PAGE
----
The former chief executive officer and an ex-managing director of U.S. broker-dealer Direct Access Partners LLC pleaded guilty Wednesday to bribing an official of a state-owned Venezuelan bank in exchange for bond trading business.
Benito Chinea and Joseph DeMeneses admitted bribing Maria De Los Angeles Gonzalez De Hernandez, a former senior official in Venezuela’s state economic development bank, Banco de Desarrollo Económico y Social de Venezuela (Bandes).
In return for at least $5 million in bribes from 2008 to 2010, Gonzalez directed bond trading work to Direct Access that generated more than $60 million in commissions for the firm. She also approved fraudulent trades — round trip buying and selling with no business purpose except to generate trading commissions.
Gonzalez pleaded guilty in November 2013 to conspiracy to violate the Travel Act and commit money laundering, as well as two substantive counts of the offenses. She also agreed to cooperate with federal prosecutors.
She lives in Venezuela but was arrested in Miami.
Chinea, 48, of Manalapan, New Jersey, and De Meneses, 45, of Fairfield, Connecticut, entered their pleas in federal court in Manhattan. They each pleaded guilty to one count of conspiracy to violate the Foreign Corrupt Practices Act and the Travel Act.
Chinea agreed to forfeit $3.6 million and De Meneses forfeited nearly $2.7 million, the amounts the DOJ said they earned from the bribery scheme.
Sentencing for both is scheduled for March 27, 2015. The FCPA and Travel Act conspiracy counts are punishable by up to five years in prison.
Direct Access was based in New York and had a Miami office. It stopped doing business after the first arrests in the case in May 2013.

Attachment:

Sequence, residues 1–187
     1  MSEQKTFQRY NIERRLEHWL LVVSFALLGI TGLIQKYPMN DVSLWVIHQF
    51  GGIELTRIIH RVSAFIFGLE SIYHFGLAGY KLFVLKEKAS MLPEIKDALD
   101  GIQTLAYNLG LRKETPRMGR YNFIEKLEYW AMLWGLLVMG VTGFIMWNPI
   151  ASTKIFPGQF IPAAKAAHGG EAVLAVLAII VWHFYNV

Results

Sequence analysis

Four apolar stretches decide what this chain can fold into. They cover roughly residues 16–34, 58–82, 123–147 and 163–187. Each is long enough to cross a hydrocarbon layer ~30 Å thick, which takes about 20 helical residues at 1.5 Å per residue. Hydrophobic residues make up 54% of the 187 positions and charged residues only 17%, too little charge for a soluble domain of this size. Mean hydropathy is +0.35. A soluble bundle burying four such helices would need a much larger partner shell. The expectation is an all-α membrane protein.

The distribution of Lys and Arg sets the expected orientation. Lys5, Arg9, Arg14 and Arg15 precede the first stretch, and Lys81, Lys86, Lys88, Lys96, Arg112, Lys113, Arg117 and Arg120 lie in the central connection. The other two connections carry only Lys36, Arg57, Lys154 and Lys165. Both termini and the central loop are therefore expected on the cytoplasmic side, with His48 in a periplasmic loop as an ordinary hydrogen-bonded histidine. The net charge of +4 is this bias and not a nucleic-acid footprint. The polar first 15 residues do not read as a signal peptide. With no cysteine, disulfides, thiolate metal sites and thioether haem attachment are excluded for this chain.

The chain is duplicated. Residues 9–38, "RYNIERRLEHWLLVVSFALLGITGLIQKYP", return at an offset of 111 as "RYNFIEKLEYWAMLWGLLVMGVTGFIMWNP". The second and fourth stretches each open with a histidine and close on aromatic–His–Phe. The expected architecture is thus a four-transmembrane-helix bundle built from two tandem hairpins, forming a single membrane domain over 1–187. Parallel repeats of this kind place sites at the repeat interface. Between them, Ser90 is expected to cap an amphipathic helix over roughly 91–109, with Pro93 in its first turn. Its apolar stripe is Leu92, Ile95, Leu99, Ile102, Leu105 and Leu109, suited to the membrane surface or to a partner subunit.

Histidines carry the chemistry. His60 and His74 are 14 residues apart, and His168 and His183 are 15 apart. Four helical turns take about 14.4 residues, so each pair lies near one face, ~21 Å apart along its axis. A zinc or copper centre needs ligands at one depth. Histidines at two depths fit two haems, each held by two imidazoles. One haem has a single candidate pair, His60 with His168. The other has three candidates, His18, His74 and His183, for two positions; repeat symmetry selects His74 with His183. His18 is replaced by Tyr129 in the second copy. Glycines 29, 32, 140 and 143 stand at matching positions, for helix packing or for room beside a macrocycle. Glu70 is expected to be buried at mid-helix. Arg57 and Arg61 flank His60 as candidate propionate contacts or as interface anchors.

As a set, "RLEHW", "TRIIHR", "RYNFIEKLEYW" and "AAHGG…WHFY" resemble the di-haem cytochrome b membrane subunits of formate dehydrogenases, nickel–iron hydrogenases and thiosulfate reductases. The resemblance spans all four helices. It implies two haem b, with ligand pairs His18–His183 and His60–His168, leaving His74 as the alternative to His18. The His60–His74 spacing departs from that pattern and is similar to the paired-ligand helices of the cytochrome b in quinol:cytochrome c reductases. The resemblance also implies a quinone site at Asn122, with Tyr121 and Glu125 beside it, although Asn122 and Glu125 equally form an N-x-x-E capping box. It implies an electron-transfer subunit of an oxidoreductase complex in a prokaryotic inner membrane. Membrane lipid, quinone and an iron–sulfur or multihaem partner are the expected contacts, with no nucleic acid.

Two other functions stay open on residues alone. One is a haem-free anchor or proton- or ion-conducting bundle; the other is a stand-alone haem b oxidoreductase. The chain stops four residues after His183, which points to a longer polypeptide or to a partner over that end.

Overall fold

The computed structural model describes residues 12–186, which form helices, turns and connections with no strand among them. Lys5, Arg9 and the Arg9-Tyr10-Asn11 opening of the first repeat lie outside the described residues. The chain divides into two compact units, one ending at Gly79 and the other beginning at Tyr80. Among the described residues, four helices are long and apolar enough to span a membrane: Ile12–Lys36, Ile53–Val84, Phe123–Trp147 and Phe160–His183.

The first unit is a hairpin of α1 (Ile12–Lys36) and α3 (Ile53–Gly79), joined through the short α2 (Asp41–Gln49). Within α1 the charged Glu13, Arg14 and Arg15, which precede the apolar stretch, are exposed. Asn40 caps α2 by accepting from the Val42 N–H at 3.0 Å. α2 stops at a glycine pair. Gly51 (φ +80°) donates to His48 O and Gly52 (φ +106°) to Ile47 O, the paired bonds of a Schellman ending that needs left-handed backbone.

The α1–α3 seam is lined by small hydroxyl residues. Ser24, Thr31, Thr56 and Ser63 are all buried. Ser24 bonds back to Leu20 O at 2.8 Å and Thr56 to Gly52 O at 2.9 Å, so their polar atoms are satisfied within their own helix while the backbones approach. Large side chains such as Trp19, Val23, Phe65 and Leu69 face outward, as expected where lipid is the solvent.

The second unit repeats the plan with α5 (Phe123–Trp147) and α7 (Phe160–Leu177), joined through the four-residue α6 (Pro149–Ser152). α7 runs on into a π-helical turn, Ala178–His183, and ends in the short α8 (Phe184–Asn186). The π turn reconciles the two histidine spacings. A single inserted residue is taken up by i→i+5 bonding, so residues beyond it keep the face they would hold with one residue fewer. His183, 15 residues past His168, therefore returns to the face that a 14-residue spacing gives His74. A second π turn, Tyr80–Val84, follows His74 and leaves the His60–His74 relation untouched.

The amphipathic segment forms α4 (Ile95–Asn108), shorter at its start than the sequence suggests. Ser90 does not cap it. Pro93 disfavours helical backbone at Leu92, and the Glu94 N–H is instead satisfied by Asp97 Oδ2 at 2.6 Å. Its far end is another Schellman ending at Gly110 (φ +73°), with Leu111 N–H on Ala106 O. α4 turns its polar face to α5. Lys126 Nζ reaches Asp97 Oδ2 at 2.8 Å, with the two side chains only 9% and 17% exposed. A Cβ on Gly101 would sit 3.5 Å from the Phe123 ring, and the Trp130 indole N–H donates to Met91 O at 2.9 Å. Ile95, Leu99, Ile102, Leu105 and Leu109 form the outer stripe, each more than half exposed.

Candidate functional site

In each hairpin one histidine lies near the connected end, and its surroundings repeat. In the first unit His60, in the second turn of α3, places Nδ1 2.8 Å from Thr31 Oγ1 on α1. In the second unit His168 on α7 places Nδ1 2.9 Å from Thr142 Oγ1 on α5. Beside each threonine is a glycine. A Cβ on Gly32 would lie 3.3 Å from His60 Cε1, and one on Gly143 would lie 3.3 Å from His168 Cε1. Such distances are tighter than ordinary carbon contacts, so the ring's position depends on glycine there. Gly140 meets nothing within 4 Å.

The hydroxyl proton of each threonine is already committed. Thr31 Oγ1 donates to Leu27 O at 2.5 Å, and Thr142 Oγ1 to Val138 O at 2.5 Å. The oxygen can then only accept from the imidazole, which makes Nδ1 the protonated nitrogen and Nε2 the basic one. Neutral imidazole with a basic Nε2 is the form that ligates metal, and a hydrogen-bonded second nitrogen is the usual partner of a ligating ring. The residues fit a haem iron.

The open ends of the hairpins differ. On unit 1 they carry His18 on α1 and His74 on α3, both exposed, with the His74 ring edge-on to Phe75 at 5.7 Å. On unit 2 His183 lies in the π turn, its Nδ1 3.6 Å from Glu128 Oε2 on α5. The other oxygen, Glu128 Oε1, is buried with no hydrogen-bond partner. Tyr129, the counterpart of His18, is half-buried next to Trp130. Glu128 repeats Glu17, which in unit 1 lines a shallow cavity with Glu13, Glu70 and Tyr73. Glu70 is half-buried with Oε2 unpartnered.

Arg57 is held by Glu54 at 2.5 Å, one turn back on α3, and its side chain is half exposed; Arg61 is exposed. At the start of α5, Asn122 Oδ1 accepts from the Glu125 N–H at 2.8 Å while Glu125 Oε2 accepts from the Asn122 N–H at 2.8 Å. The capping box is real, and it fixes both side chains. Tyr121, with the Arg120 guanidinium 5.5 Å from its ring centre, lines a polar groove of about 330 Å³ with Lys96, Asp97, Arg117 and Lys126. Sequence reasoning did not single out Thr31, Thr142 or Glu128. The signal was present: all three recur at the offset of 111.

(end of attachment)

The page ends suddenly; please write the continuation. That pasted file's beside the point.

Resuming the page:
Three other Direct Access defendants — employees Tomas Alberto Clarke Bethancourt and Jose Alejandro Hurtado, and managing director Ernesto Lujan — pleaded guilty earlier to conspiracy, money laundering, and violating the FCPA.
Clarke and Hurtado and two other brokers were also charged last year in an SEC civil complaint with fraud and manipulation.
The Venezuelan government held a majority stake in Bandes and funded it. The bank operated under the ministry of finance.
Gonzalez ran Bandes’ overseas trading activity. Most of the trading business she gave Direct Access involved fixed income investments. Direct Access charged Bandes a mark-up on purchases and a mark-down on sales.
The Direct Access defendants split the commissions the firm made from the Bandes trades with Gonzalez. They routed payments to her through third-parties posing as “foreign finders” and into offshore bank accounts.
“In several instances,” the DOJ said, “Chinea personally signed checks worth millions of dollars that were made payable to one of these purported ‘foreign finders’ and later deposited in a Swiss bank account.”
Richard L. Cassin is the publisher and editor of the FCPA Blog. He can be contacted here.